In the “JCC Vision” for the seven years from 2023, the elders have set out an aim: “to engage the whole Church in mission” and unpacked that, practically, by painting a picture of a wheel held together and resourced by a hub – JCC – supporting new and growing Jubilee community fellowships.


Whatever type of wheel you may have in mind one thing is clear: wheels all need motive power. The church seems prone to slipping into periods of motive powerlessness when the the rim of the wheel becomes bent, the spokes become loose or distorted and the hub rusts. There’s power available but it isn’t getting to where it’s needed and the whole wheel needs revival.


Colin Whittaker’s book, “Great Revivals” has reminded me of what’s involved when God responds to the heart cries of his people, not only in praying for the lost, but also in recognising their own need of spiritual revival. The overwhelming impact of the book, I found, is to provide immense encouragement through the reporting of historical revivals. However, praying for revival is also clearly costly and playing our part in it no less so. As Terry Virgo writes: “Few books on revival are as accessible and rewarding as this and I wholeheartedly recommend it to you. I pray that your own desires and longings for revival might be freshly stirred by rubbing shoulders with great heroes and giants of the past as you read their stories and the amazing outpourings of the Spirit that they experienced.”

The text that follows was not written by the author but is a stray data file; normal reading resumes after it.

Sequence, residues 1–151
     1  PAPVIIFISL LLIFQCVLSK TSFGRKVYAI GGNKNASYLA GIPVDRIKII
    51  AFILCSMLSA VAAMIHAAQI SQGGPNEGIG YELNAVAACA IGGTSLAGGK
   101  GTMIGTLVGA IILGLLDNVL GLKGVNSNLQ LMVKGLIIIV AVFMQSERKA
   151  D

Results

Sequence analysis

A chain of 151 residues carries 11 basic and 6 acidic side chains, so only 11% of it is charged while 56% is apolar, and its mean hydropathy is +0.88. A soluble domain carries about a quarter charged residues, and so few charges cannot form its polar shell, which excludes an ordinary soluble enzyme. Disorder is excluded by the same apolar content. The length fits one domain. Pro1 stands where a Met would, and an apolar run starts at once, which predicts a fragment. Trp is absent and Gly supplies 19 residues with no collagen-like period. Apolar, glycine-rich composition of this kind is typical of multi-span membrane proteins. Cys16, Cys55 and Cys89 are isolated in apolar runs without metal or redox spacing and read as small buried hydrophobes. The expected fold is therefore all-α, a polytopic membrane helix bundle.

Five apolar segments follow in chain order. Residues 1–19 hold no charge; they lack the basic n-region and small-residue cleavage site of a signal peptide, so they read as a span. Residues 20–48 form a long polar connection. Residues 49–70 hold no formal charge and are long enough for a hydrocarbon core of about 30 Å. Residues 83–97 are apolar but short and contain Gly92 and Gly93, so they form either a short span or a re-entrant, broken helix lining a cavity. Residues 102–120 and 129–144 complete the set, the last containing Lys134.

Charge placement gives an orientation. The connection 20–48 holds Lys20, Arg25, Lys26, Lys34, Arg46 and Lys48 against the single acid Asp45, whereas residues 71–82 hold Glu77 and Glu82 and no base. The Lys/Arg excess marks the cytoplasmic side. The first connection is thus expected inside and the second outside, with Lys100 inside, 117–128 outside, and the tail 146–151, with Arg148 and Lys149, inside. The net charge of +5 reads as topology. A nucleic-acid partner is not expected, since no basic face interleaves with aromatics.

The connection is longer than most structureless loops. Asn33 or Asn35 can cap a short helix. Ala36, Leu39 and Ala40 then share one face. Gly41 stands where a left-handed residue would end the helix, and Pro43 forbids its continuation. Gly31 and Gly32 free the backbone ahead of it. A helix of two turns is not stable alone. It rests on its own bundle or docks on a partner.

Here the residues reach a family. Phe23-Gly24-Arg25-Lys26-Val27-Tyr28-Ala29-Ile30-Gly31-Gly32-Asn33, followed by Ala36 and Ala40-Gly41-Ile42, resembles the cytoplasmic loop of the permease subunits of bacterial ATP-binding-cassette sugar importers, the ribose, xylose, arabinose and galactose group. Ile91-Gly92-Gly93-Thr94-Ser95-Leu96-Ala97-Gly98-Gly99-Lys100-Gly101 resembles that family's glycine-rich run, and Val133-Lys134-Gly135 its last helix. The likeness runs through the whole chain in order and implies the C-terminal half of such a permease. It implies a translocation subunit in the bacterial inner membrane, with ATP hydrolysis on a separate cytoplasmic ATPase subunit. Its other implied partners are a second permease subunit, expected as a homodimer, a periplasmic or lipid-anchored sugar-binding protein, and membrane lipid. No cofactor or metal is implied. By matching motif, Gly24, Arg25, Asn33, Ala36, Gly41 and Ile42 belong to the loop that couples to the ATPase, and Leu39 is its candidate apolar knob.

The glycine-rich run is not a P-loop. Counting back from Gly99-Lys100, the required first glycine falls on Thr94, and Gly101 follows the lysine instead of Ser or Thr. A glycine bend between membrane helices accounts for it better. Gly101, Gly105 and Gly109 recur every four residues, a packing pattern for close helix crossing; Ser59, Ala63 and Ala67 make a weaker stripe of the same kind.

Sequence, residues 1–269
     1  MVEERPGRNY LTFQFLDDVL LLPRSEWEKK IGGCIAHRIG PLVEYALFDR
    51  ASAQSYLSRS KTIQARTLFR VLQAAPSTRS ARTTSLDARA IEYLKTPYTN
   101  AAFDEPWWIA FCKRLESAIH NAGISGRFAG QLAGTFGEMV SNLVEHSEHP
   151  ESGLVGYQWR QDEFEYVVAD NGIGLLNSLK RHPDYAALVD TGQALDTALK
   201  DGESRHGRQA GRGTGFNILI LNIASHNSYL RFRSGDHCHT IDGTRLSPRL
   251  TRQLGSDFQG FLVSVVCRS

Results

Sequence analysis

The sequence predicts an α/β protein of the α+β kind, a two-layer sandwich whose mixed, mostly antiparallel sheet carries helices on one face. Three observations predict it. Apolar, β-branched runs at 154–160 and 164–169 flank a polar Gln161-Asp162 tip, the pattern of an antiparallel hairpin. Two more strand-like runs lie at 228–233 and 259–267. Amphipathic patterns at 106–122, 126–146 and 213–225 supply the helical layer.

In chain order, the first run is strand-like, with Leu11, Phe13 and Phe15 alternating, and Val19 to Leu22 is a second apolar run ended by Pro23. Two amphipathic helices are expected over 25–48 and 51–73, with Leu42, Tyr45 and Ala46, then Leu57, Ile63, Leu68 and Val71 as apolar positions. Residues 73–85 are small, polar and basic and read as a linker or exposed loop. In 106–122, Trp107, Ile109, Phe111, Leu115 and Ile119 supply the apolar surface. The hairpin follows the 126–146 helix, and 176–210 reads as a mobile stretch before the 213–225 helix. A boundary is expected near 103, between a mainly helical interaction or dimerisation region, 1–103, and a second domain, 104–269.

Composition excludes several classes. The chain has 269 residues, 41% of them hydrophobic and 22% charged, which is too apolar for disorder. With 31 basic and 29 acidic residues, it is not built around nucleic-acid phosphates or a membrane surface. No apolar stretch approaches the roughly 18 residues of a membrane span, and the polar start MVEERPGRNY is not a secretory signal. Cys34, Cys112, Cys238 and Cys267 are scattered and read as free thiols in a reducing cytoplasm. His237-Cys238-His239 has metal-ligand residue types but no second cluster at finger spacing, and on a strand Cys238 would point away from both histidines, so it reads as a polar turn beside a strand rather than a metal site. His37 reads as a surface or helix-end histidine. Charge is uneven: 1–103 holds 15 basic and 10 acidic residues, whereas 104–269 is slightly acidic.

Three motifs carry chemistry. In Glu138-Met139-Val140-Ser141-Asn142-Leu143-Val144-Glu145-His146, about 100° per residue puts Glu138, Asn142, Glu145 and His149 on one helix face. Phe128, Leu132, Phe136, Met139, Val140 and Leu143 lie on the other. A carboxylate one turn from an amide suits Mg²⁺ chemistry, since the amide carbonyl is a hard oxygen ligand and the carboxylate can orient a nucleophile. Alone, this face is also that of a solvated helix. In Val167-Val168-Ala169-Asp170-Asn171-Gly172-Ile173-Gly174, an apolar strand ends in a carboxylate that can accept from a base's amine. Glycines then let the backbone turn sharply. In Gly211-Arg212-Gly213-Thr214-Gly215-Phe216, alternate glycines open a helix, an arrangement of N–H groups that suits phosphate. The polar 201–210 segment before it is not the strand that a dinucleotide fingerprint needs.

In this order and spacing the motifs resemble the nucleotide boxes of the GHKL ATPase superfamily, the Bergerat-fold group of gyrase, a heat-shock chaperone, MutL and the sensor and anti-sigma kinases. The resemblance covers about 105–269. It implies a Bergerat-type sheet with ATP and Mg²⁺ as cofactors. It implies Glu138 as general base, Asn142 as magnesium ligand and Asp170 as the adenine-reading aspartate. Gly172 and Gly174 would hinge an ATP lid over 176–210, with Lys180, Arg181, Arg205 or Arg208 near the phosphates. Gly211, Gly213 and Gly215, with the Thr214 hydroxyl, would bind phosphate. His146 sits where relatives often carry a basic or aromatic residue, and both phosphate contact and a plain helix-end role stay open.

In his 1959 sermons on the Ulster Revival, the Rev Dr Martyn Lloyd-Jones argued that the UK had so lost its way spiritually that only revival could turn the nation around. It amazed Terry Virgo to realise that the Dr “preached before the 60’s … before all the moral devastation that has taken place in this nation in the [period] that has followed. If we needed revival in 1959 how desperately we need it now.


By a church member